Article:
Addressing residents’ three main concerns


This July will mark two years that I have had the honor of representing the people of District 5 on the Denver City Council. I decided to run for office to bring the voice of the people back to city government. My team and I live by four core values — transparency, accountability, customer service and good communication.

When I ran for office, I knocked on more than 14,000 doors and I heard three main concerns from residents in east Denver community. They were development, traffic and crime. While the priority levels of these three concerns have changed over time in response to events in the neighborhood, those three concerns have remained top of mind for District 5 neighbors. Having this information allows me to be responsive to those needs, so thank you to everyone who has participated in our annual surveys —and please look for the 2021 survey this fall.

In response to crime and safety issues, I recently wrote a grant application in partnership with the District 2 Denver Police Department for a pilot program to institute foot patrols on East Colfax between Monaco Parkway and Yosemite Street, and between 11th and 17th Avenues. In 2020, that area saw a 163% rise in violent person-on-person crime. East Colfax as a neighborhood had a murder rate of more than 10% last year but it only makes up 1.5% of the population of Denver. I am proud that I’ve been able to work with Denver Police to try to find a balance between recognizing that people do not want to feel over-policed, but that they do want to feel safe.

To respond to concerns about traffic speeds and volume, I took advantage of some vacancy savings in my budget and am working with the Department of Transportation and Infrastructure to perform a traffic study of Eighth Avenue from Colorado Boulevard to Quebec Street. By studying the street holistically, we can determine where to install traffic calming measures and add safer crossings, and use data to enhance safety along that entire corridor. I also advocated for a traffic signal at Newport Street and Alameda Avenue, which is currently on-track for completion by early 2022, as are traffic calming measures on 13th and 14th Avenues which are set to be installed by the end of 2021.

In terms of development, I have always advocated for a more thoughtful approach and have voted against many of the rezoning proposals that have come before city council. Currently, I am working on a legislative rezoning of the East Colfax neighborhood to allow for Accessory Dwelling Units (ADUs). If approved, this would add gentle density and diverse housing stock while also lowering some of the barriers to building an ADU in the neighborhood, add more attainable housing options in East Colfax, and provide a wealth-building opportunity to property owners already living along the East Colfax corridor.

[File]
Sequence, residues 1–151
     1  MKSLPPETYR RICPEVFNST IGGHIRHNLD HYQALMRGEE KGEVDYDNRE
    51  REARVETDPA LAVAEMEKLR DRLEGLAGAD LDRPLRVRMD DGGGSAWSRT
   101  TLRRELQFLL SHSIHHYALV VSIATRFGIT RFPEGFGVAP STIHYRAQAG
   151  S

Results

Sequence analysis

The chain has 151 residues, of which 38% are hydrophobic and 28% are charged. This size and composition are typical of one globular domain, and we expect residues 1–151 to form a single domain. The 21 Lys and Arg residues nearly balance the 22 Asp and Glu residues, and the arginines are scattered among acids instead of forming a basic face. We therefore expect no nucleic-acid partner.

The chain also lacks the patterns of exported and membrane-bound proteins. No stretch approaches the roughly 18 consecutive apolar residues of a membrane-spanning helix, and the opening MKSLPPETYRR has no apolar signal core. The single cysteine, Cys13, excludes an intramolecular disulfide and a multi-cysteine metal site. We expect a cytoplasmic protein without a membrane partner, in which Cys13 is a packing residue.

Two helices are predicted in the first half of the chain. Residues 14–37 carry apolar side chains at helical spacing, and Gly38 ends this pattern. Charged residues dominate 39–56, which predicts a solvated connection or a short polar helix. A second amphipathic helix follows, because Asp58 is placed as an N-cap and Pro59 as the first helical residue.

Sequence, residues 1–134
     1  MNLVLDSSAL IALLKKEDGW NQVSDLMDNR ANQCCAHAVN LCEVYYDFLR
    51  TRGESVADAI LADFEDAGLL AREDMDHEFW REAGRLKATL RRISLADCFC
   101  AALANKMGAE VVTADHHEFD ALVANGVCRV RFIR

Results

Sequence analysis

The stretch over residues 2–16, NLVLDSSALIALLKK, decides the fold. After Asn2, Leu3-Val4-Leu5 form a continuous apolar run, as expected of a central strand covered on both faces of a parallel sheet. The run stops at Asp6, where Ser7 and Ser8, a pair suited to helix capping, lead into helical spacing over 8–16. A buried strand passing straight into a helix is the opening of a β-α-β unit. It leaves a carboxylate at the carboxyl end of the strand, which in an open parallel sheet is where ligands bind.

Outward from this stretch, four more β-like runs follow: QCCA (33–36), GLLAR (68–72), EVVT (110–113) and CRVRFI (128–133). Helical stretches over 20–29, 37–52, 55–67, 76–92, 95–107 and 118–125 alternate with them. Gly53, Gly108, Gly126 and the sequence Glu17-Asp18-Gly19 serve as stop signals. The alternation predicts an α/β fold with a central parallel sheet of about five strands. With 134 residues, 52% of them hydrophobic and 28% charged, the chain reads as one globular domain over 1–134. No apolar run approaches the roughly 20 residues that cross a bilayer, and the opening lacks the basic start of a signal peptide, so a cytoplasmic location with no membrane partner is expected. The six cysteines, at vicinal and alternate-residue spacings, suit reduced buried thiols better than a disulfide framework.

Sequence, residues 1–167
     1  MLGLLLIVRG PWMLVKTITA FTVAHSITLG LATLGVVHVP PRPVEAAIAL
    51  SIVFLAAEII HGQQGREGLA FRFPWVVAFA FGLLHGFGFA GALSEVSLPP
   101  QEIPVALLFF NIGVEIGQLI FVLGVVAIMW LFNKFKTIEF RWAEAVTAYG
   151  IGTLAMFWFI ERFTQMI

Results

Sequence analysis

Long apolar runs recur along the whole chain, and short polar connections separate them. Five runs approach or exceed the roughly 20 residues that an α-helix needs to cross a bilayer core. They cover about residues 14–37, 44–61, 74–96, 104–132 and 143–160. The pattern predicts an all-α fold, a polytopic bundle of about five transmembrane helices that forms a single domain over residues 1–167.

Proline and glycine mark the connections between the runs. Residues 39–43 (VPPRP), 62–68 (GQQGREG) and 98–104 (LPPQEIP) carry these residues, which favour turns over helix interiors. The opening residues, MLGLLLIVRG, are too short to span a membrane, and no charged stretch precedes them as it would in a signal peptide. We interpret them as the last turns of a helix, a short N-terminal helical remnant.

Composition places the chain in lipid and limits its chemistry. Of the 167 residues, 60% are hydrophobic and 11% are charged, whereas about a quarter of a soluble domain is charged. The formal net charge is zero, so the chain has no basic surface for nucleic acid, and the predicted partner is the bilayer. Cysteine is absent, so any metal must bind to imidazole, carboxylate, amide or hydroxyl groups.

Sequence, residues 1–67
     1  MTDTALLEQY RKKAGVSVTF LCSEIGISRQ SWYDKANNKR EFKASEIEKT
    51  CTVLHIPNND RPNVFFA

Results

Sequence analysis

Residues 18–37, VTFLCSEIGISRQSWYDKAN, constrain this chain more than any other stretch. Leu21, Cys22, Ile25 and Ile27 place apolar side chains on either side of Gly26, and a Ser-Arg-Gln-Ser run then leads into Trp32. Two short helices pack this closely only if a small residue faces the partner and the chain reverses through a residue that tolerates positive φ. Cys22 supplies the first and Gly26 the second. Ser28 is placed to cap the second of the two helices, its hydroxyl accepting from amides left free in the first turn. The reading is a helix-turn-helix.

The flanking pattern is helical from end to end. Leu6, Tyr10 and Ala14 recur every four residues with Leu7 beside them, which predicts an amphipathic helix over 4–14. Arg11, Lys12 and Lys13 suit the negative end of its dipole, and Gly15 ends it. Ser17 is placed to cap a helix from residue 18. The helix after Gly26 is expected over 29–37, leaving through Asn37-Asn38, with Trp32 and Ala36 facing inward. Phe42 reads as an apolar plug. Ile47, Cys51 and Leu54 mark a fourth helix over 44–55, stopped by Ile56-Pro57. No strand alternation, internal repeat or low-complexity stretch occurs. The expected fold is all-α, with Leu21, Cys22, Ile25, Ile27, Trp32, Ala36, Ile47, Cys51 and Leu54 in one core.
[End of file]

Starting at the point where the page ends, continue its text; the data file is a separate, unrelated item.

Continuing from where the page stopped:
And, finally, as we look at the consequences of COVID-19 and the overwhelming number of people who are facing evictions in our city, I have advanced an ordinance in partnership with District 9 Councilwoman Candi CdeBaca that will create access to legal counsel for any resident facing eviction who makes less than 80% of the area median income, which is approximately $85,000 for a family of four. The amount of money Denver spends on post-eviction services like homelessness and sheltering is astronomical. So, it makes sense to take care of our residents upstream and provide them with the support they need before they get evicted. It doesn’t necessarily mean that these residents will get to remain in their homes, but it does provide an opportunity to achieve better outcomes for them than an eviction on their credit history that will affect their ability to find housing in the future.

I am honored to represent my community with an eye towards our mission and core values, and to move projects and legislation that is responsive to the needs of District 5 residents.

Please don’t hesitate to reach out to my office at any time.

Denver City Council, Amanda Sawyer, District 5


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